Being the good parent is reframing so the weight of the moment does not eclipse the future and being a good role model is using positive language, ways of speaking, and engaging in positive activities so you and those around you are not trapped in an endless cycle of wallowing. This can be very difficult. Dr Fried recommended the following as ways to reframe and engage with positivity during this time:
- Establish and maintain a routine (eg, get out of bed, brush your teeth and shower, etc);
- Plan something to look forward to in a day, week, month, etc;
- Focus on the positive things in your life, even if it is acknowledging you are still healthy, have access to food and shelter, etc;
- Find a purpose and sense of control;
- Make a to-do list that includes emotional and social tasks;
- Connect meaningfully with family and friends (virtually, if necessary), such as spending more time with your children;
- Get into and follow an exercise routine;
- Learn about/practice mindfulness meditation; and
- Speak with a life coach or therapist.
The list can go on, but the main focus is “to rise to the occasion of functioning in spite of,” said Dr Fried. We are allowed to enjoy ourselves and experience positive feelings, such as happiness, during times of social distress. “We have to get up with a purpose and figure out what we can do that will make us feel as though we have a sense of control,” he stated. Otherwise, it is easy to fall into negative emotional states. One step is to do activities you associate with positive emotional states, such as learning a new language, “Marie-Kondo”-ing your home, finding a new hobby or restarting an old one, or watching a TV show you have been wanting to see.
For anyone who has not done so already, now may be a good time to take stock of one’s personal and professional lives. “What do you want to do and how do you want to change when things return to normal?” asked Dr Fried. Closing practices is stressful, but it does give physicians and other health care workers an opportunity to consider whether returning to the office is what they would like to do when the doors reopen. In a fast-paced environment, it is easy to get immersed in the day-to-day routine that some can go years without realizing they are unhappy with the direction of their professional or personal lives. Taking the time to reflect on and reprioritize aspects of your life, such as spending more time at home instead of in the office or vice versa, is important now and in the future as we return to a new normal.
It may be hard to see now and easy to forget, but there are some positive things coming out of the COVID-19 pandemic. Taking some time to look at the good that may come from this disruption can help reframe your thoughts. For example, “we are watching in real time how the scientific and medical community are taking data on something that appeared almost out of the blue, navigating uncharted territory, and mobilizing this information,” said Dr Fried. The number of discoveries made about the coronavirus disease and offending virus, SARS-CoV-2, is incredible, even in the midst of retracted papers and devastating morbidity and mortality. Within a short amount of time, the genome of the virus has been documented, several vaccines are in development and undergoing trials, and the sudden, almost overnight, embrace of telemedicine has shown how quickly the medical and scientific community are able to rally.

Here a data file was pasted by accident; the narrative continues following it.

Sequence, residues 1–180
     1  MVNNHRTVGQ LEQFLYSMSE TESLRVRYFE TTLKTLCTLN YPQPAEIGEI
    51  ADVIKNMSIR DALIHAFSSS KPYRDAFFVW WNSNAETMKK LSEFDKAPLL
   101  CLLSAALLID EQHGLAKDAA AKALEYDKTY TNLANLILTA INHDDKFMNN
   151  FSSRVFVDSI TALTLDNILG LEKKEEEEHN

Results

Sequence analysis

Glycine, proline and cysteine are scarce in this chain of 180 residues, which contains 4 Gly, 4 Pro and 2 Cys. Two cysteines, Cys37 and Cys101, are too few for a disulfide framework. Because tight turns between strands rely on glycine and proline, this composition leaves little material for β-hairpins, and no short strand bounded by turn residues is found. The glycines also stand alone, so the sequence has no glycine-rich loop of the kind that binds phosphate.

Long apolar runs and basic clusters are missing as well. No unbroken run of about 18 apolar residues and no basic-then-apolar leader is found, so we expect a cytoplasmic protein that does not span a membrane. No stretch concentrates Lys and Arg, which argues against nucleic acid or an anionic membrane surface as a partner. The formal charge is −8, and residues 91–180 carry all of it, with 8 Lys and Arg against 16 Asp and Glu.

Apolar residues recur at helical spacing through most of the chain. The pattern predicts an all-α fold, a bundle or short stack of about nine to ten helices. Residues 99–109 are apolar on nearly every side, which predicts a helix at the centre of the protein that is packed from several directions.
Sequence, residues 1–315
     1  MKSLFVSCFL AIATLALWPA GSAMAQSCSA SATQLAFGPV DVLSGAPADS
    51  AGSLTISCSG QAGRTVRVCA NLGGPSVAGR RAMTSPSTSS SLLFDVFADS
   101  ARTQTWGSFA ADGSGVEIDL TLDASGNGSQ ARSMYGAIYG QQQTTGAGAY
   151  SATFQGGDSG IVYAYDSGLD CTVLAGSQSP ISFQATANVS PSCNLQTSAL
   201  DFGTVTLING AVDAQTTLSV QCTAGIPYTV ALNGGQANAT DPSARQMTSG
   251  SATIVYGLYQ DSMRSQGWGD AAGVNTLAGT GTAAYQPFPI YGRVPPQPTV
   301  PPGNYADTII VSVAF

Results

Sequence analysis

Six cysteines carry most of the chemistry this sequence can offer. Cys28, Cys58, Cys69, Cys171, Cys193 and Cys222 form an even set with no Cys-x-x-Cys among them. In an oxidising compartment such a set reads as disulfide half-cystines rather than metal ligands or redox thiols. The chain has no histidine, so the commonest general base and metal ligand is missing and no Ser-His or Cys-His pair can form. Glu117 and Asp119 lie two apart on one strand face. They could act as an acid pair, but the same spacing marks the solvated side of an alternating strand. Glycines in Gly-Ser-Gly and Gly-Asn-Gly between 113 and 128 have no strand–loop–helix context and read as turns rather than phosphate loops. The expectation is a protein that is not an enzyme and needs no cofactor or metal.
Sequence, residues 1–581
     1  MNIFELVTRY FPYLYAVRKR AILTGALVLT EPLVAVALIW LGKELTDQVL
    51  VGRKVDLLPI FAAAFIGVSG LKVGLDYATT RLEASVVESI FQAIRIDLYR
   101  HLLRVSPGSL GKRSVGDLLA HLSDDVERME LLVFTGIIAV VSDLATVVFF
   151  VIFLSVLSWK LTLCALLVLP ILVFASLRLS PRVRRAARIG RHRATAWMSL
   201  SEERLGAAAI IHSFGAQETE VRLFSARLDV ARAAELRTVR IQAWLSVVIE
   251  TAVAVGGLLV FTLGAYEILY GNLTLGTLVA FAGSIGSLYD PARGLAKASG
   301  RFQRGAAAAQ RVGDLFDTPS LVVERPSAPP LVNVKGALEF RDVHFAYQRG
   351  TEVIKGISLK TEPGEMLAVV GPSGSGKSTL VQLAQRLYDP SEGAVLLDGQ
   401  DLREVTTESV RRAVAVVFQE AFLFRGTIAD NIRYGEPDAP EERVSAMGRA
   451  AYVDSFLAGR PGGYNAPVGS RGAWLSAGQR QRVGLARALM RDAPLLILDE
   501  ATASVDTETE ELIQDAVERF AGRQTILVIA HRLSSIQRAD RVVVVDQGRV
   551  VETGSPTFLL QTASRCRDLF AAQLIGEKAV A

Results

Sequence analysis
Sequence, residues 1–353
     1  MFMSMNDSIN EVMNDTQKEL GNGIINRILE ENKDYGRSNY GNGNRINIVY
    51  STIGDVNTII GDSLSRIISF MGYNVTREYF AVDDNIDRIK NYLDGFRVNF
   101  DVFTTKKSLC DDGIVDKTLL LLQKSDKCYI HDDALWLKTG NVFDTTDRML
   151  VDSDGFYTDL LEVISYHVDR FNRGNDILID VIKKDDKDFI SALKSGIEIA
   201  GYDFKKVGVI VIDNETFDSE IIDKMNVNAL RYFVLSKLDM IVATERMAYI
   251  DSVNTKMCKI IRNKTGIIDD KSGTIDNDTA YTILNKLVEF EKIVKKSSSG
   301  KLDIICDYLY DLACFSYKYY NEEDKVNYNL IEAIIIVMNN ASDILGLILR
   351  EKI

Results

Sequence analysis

“What If…/Well Then…”
Catastrophizing, or the series of “what ifs” that plague our minds during this time, can take up a lot of mental space and take a toll on our ability to be a good parent or role model for ourselves and others. These thoughts can include:
- What if I (or my family member) gets COVID-19?
- What if I am (or my family member is) hospitalized?
- What if there is a second wave?
“When we begin to catastrophize, we have to speak in a very measured way,” said Dr Fried. He recommends following every “what if” scenario with a “well then.” In his practice, he uses this strategy to counsel his patients with melanoma in situ. “While melanoma in situ is 99% curable, anyone who has experienced something that could potential harm them, either in the short or long term, will every now and then have a little voice that says, ‘what if,’” he said. With melanoma, the answers to the what ifs, such as “what if it returns?” or “what if it spreads?”, is “well then, we remove it again” or “well then, we look at some of the immunomodulating inhibitors that treat melanoma.” The same approach can be used with COVID-19:
- What if I (or a family member) gets COVID-19? Well then, there is a 95% to 99% chance it will be a mild case and I just need to isolate and take care of myself/loved one.
- What if I am (or a family member) is hospitalized? Well then, there are some emerging options for medications.
- What if there is a second wave? Well then, we have records showing what public health measures work and are better equipped to handle it because we know more now than when the virus first appeared.
The main goal here is to turn attention away from the dread and anxiety caused by the “what ifs”–to not throw more fuel on the fire regardless of how tempting it is—and focus on something else that either creates positive emotions or at least neutralizes the anxiety.